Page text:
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EDCTP SPONSORED BERC-AFRICA PROJECT CAPACITY BUILDING ACTIVITY UNDER WORK PACKAGE 3: INTRODUCTORY COURSE IN EPIDEMIOLOGY AND MEDICAL STATISTICS

The Building and Enhancing Regulatory Capacity in Africa (BERC-Africa) Project is a project funded by the European & Developing Countries Clinical Trials Partnership (EDCTP) to build regulatory capacity in Africa. As part of the capacity-building activities under Work Package 3 of this project, an Officer of the Clinical Trials Department at the Food and Drugs Authority (FDA), Ghana, Amma Frempomaa Asare, was nominated to attend an Introductory Course in Epidemiology & Medical Statistics.


To be well-equipped as regulators offering training to others, there is a need for officers of the Clinical Trials Department at the FDA to be trained in areas relevant to the regulation of clinical trials. Activities under Work Package 3 of this project were geared towards capacity-building programmes necessary for the professional development of FDA Officers who are RCORE trainers and assessors of clinical trial applications.


The Introductory Course in Epidemiology & Medical Statistics is a 3-week intensive short course organized by the London School of Hygiene and Tropical Medicine (LSHTM). The 2023 session of the training took place from 26th June 2023 to 14th July 2023. The course is structured to enable students understand the design and interpretation of epidemiological studies as well as the statistical methods underpinning many of the founding principles in epidemiology. An understanding of epidemiology (the distribution, occurrence, and causes of disease in populations) along with medical statistics, serves as the quantitative foundation for public health. This is relevant because obtaining, interpreting, and using health information helps to reduce illness and disability as well as increase health and well-being among populations.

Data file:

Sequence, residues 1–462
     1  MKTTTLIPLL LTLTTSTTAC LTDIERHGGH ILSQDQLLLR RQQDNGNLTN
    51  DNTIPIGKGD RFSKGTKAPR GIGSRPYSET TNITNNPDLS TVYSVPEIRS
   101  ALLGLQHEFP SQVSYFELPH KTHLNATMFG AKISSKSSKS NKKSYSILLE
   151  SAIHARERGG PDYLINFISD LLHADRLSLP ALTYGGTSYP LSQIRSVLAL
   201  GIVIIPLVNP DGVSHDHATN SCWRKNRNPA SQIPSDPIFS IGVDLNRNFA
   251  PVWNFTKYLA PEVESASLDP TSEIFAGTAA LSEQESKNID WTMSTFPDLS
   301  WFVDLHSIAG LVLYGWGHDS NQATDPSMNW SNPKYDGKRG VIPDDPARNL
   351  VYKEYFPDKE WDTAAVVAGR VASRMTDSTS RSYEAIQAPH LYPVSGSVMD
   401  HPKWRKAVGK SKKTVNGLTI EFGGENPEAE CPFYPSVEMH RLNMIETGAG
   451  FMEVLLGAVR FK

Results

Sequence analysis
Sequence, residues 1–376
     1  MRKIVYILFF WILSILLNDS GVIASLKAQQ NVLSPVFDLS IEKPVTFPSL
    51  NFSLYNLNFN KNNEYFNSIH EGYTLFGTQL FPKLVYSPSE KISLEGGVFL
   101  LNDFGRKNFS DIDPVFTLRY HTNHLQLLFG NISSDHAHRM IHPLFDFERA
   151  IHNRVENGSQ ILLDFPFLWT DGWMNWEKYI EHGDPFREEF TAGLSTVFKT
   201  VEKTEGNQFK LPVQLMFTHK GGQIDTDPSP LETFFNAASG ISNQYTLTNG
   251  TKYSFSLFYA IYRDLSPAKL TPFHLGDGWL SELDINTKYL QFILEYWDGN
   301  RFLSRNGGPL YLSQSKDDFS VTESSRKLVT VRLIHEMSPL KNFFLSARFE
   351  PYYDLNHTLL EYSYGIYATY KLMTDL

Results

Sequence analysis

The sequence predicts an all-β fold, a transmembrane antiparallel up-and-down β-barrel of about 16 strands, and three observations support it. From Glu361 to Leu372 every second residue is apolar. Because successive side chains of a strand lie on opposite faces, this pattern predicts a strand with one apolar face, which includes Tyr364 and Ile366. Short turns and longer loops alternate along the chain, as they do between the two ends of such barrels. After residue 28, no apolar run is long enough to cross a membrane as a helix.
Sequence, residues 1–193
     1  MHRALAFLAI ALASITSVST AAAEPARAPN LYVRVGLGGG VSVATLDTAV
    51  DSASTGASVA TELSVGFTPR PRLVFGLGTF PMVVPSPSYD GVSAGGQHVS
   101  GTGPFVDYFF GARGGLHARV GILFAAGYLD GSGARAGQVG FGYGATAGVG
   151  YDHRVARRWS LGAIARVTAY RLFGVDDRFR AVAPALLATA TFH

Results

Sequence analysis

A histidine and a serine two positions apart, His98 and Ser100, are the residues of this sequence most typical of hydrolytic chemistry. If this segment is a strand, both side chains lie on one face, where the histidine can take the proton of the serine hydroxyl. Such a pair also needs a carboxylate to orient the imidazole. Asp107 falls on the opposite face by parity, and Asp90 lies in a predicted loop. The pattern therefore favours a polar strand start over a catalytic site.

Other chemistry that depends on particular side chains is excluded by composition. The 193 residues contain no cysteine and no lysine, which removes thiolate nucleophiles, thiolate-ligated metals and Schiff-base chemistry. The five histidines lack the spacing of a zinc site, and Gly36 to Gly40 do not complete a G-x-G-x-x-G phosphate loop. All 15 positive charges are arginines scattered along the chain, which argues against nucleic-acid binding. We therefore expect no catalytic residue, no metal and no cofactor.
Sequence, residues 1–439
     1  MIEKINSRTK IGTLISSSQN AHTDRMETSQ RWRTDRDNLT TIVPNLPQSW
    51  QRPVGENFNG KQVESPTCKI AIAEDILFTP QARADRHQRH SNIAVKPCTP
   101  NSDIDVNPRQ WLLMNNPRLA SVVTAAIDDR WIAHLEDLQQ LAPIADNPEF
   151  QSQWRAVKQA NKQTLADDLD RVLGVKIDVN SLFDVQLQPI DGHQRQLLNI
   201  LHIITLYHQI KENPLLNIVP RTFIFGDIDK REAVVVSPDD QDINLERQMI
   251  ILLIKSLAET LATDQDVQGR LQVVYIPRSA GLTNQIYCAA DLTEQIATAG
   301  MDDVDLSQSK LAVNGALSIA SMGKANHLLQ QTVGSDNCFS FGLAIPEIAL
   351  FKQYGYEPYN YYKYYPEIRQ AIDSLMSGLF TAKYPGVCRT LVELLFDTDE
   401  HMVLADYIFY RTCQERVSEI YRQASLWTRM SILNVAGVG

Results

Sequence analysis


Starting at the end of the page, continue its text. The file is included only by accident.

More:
The training took the form of theoretical sessions delivered through PowerPoint presentations and hands-on practicals/assignments in the form of group breakout sessions and discussions. There was a course evaluation at the end of each topic and an overall course evaluation on the last day of the training. This enabled participants to make some recommendations to enhance future trainings Certificates of participation were also issued to participants.


Due to the lengthy duration and the intense nature of the course, there were some social activities which were planned by the organizers to help participants relax, socialize and enjoy some tourism in London. Places visited included the Thames, the London Eye, and the historical John Snow Pump where epidemiology is known to have begun.


At the end of the course, students gained more understanding of the common pitfalls associated with study designs, enabling them to choose the most appropriate analytical methods to verify stated hypotheses in studies and undertake basic statistical analysis.






Ms. Amma Asare (L) and a colleague participant (R) at LSHTM








Ms. Amma Asare (L) and her colleague participants in a tour of the Thames

 









A ride in the London Eye














Ms. Asare stands beside the water pump which John Snow in 1854 discovered was the source of the contaminated water responsible for the cholera outbreak in the Soho region in London.

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